Robert W. Lucky
1st William Gould Dow Distinguished Lecture
“Disruptive Technologies Amidst the Storm in Telecommunications”
Robert W. Lucky
Corporate Vice President
Robert W. Lucky, Ph.D. in Electrical Engineering, Purdue University, 1961, began
his career in telecommunications at AT&T Bell Laboratories. His work in
correcting distortion in telephone signals, called the adaptive equalizer, is
used in all high speed data transmission today. The textbook, Principles of
Data Communications, 1968, which he co-authored, became the most cited
reference in the communications field over the period of a decade.
At Bell Labs he moved through a number of levels to become Executive Director
of the Communications Sciences Research Division in 1982, where he was
responsible for research on the methods and technologies for future
communication systems. Dr. Lucky joined Telcordia Technologies in 1992.
Dr. Lucky has served as President of the Communications Society of the IEEE,
and as Vice President and Executive Vice President of the IEEE. He has served as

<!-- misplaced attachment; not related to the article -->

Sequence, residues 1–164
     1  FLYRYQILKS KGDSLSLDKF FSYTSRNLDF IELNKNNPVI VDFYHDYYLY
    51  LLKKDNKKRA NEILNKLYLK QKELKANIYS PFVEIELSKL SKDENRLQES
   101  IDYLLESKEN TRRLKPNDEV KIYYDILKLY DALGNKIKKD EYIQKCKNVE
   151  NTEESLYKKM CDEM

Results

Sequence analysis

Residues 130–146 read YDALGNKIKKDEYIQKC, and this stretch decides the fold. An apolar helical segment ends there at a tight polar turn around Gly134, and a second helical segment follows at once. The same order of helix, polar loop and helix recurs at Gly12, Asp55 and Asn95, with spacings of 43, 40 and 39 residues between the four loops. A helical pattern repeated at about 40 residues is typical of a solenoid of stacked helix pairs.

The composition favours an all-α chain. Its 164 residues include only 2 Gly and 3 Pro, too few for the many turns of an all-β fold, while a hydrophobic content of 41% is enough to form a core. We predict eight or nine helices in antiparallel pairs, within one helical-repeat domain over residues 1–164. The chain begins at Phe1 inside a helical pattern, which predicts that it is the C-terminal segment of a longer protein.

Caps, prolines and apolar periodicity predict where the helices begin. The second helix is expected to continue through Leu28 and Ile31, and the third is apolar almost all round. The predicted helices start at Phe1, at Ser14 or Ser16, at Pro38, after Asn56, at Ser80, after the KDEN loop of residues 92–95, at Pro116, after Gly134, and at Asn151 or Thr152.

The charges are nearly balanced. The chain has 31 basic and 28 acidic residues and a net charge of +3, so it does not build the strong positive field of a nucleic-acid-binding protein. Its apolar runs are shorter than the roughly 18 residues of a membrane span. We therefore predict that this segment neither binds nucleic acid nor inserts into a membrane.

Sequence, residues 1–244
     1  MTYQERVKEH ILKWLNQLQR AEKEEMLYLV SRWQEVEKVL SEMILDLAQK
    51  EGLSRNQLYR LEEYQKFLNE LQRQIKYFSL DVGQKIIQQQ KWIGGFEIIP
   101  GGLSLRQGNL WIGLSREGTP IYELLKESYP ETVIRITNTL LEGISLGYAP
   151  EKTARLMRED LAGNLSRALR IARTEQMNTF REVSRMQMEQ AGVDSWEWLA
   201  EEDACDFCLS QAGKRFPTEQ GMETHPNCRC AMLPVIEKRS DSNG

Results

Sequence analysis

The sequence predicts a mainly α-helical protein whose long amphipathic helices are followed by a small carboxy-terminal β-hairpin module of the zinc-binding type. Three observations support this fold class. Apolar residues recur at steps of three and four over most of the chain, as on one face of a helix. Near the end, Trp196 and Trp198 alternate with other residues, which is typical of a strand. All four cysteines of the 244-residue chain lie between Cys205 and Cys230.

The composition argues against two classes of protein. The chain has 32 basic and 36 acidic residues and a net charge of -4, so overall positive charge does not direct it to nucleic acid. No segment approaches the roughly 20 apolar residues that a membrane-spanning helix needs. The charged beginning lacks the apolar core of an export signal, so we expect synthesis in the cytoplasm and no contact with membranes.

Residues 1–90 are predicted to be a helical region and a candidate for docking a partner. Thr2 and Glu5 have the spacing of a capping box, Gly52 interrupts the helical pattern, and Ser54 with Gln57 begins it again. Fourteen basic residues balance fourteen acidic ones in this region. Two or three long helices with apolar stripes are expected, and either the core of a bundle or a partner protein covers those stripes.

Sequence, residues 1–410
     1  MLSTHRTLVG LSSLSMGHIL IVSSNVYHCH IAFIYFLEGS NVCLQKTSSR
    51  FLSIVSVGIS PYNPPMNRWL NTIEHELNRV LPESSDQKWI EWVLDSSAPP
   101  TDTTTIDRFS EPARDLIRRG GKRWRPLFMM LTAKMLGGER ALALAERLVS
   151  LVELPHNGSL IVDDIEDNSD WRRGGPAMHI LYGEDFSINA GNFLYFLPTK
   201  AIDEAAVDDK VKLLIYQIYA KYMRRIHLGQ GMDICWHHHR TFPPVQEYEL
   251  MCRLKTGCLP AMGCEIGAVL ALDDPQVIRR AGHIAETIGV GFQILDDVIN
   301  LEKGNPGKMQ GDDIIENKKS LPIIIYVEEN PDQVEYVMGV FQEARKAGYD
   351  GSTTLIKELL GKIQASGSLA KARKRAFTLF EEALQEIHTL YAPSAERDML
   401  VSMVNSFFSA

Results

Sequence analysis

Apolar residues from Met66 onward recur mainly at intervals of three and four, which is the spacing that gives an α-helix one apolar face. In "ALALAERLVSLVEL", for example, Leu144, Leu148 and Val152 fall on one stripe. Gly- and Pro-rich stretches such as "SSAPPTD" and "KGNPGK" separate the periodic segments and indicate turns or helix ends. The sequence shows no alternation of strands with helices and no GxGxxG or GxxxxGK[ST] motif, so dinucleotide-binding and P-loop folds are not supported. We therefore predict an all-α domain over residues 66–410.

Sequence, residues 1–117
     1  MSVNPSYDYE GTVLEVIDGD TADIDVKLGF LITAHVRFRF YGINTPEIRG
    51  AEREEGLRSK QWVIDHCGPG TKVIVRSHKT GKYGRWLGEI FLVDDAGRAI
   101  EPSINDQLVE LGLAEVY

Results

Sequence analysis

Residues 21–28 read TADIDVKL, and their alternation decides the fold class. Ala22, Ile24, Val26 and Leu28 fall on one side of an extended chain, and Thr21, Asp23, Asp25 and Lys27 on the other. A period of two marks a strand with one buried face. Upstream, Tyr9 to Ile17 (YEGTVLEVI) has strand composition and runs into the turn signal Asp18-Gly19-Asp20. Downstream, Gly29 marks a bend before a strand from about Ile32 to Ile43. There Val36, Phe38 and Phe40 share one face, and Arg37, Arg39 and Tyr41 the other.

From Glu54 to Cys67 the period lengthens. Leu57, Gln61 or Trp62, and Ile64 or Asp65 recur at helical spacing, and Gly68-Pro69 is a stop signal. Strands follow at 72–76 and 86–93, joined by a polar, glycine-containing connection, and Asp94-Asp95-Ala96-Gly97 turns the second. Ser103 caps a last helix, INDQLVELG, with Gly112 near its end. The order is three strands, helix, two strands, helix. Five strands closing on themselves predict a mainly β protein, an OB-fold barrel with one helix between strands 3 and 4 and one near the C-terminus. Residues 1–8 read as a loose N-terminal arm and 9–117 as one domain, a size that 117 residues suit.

editor of several technical journals, including the Proceedings of the IEEE.
He is a Fellow of the IEEE, and a member of the National Academy of
Engineering. He is a consulting editor for a series of books on communications
through Plenum Press. He has been on the advisory boards or committees of many
universities and government organizations, and was Chairman of the Scientific
Advisory Board of the United States Air Force from 1986-89. He was the 1987
recipient of the prestigious Marconi Prize for his contributions to data
communications. He has also been awarded the Edison Medal of the IEEE and the
Exceptional Civilian Contributions Medal of the U.S. Air Force. He holds 11
Dr. Lucky is a frequent speaker before both scientific and general audiences.
He has been an invited lecturer at more than 125 different universities, and has
been the guest on a number of network television shows, including Bill Moyers’
“A World of Ideas,” where he has discussed the impacts of future technological
advances. He is the author of the popular book Silicon Dreams: Information,
an, and Machine, 1993, a semi-technical and philosophical discussion of the
ways in which both humans and computers deal with information. Since 1982, Dr.
Lucky has written the bimonthly “Reflections” column of personalized
observations about the engineering profession in Spectrum magazine. These
reflections were collected in the IEEE Press book, “Lucky Strikes ... Again,”
in 1993. You can still read Bob Lucky’s reflections in Spectrum.
Dr. Lucky also spoke at the dedication and installation of the Claude E. Shannon
bust on Friday, November 9, 2001, at noon, outside the west entrance of the EECS